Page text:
Micropatch released for Adobe Reader zero-day vulnerability

The 0patch fix temporarily patches a data-stealing exploit in Adobe Reader.

A micropatch has been made available to resolve a zero-day vulnerability impacting Adobe Reader which could lead to the theft of hashed password values.

The vulnerability was originally disclosed by Alex Inführ on 26 January and proof-of-concept (PoC) code has been published.

Comparisons have been drawn between the new zero-day bug and CVE-2018-4993, the so-called Bad PDF bug which was resolved in 2018. 

The exploit does not rely on a software error or specific vulnerability. Instead, attackers leverage weaknesses in a content embedding feature for PDF files, according to 0patch.

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In this case, the problem lies within Adobe Reader DC and, if exploited, permits attackers to force a PDF file to automatically sent an SMB request to a threat actor's server the moment a document is opened.

This, in turn, allows the remote theft of an NTLM hash included in the SMB request. By "phoning home," attackers are able to steal these hashed password values as well as become alerted the moment the document is opened.

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The zero-day is "functionally identical" to CVE-2018-4993, according to the researchers -- but is simply in a different place.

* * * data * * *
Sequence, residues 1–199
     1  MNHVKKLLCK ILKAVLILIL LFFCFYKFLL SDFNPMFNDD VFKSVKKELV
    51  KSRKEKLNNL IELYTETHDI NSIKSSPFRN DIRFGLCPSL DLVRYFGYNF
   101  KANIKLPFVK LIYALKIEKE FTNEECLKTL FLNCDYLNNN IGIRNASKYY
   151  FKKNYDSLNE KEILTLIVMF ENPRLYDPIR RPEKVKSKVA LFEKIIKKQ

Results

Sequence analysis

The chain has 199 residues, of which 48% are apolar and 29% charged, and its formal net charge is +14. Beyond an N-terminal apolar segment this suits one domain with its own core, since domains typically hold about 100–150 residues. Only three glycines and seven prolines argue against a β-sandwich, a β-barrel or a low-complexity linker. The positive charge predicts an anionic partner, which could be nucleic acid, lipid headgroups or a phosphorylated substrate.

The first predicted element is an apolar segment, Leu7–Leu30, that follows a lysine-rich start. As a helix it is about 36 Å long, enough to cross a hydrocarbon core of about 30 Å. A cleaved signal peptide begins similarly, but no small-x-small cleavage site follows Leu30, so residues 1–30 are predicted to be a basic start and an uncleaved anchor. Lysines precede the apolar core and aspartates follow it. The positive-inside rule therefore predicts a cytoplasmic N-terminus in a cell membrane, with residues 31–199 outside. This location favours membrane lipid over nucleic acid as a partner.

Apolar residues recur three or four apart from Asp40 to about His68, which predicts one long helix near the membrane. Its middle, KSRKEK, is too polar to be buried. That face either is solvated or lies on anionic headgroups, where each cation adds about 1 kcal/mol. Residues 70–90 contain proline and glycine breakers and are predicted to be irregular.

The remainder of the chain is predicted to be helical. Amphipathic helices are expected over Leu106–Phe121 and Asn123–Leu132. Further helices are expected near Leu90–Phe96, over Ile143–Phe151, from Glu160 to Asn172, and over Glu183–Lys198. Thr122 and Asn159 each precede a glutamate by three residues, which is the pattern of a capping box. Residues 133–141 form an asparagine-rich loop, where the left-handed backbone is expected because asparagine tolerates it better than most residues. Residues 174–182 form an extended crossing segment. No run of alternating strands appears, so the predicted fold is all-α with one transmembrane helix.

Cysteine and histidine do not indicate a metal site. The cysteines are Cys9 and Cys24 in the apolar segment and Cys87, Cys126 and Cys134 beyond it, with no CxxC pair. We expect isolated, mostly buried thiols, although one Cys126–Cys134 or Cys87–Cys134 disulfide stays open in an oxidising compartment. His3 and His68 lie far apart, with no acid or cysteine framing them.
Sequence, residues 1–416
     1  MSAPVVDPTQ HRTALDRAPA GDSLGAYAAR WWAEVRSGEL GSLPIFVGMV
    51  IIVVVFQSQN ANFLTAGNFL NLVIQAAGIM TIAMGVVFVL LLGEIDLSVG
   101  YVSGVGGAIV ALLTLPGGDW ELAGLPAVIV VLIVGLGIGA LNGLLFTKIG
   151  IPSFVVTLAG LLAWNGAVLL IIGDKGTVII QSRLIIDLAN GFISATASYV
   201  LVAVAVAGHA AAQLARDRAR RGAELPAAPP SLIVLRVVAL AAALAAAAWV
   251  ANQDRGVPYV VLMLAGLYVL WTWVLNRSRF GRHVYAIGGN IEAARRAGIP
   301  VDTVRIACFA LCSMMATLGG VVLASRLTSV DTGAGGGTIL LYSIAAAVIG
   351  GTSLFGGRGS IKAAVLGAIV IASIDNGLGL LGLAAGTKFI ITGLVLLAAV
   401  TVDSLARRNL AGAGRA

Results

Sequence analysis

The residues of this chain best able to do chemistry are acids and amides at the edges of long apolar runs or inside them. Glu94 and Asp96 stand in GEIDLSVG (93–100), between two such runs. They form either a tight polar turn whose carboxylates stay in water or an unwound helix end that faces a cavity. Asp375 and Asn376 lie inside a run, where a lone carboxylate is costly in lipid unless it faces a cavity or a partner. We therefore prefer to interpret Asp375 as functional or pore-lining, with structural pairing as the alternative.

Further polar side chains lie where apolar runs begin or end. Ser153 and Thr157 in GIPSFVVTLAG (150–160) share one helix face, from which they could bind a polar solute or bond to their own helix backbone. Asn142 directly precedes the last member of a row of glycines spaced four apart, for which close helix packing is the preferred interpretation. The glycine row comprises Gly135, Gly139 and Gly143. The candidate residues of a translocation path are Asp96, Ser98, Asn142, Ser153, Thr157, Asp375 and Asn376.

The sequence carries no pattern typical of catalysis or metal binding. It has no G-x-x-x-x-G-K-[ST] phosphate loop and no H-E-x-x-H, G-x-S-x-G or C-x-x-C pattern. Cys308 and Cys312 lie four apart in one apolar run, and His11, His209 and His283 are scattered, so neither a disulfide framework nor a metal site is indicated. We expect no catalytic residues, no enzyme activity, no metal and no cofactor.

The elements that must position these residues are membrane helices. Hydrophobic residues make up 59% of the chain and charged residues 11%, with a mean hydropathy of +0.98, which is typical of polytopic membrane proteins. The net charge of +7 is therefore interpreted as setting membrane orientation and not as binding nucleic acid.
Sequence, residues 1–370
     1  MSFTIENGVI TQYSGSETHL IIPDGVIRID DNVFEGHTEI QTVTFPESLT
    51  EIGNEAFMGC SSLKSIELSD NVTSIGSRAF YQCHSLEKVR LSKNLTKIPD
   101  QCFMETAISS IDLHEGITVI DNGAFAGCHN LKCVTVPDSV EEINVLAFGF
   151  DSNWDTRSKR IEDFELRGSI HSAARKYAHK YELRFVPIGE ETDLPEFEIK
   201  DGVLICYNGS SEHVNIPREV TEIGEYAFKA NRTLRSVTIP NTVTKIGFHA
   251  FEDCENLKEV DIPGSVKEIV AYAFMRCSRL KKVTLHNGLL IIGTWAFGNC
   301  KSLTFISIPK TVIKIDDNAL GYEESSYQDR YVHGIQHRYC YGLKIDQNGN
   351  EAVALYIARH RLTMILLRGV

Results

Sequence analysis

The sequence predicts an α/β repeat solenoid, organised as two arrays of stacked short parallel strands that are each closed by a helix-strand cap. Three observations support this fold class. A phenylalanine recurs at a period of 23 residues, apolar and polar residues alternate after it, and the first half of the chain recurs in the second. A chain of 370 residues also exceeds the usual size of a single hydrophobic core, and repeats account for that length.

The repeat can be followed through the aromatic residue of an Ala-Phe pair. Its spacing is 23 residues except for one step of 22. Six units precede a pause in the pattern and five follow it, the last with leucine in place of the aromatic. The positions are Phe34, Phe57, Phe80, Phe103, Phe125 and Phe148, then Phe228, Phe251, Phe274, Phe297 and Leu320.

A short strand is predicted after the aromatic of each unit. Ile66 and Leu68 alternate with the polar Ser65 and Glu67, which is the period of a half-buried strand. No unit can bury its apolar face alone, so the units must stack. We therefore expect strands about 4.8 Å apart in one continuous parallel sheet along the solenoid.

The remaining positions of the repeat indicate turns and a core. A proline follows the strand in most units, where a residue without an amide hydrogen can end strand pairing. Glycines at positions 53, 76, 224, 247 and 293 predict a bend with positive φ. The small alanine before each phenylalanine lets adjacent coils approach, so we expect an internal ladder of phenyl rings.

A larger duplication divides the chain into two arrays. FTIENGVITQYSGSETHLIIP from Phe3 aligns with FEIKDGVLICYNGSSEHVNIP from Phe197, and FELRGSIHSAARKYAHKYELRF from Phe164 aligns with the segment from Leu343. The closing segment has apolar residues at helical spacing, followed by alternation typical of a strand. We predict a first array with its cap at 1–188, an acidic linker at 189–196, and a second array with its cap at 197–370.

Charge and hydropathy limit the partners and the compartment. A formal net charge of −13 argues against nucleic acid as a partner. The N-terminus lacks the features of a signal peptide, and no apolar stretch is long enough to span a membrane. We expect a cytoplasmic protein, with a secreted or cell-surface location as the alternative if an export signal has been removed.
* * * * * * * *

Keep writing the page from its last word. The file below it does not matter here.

"While Bad-PDF used an /F entry to load a remote file, this issue exploits loading a remote XML stylesheet via SMB," 0patch says. "Interestingly, if the document tries to do so via HTTP, there is a security warning there. However, when using a UNC path (the type of path that denotes a resource in a shared folder), the loading occurs without a warning."

0patch says that the latest version of Adobe Reader DC, version 2019.010.20069, is impacted and it is likely older variants are affected in the same way.

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The micropatch alerts users by showing a security warning when a remote stylesheet is being loaded via UNC and the source code is available via 0patch. The video below shows the fix in action:

We can expect to see official security updates released later today due to Adobe's standard patch schedule.

In January, Adobe resolved a selection of security flaws in Adobe Connect and Digital Editions, including information disclosure problems and privileged session exposure.  

The standard security update was one of three releases during the month and was accompanied by an out-of-bounds patch to squash Adobe Experience Manager and Adobe Experience Manager Forms cross-site scripting bugs. 

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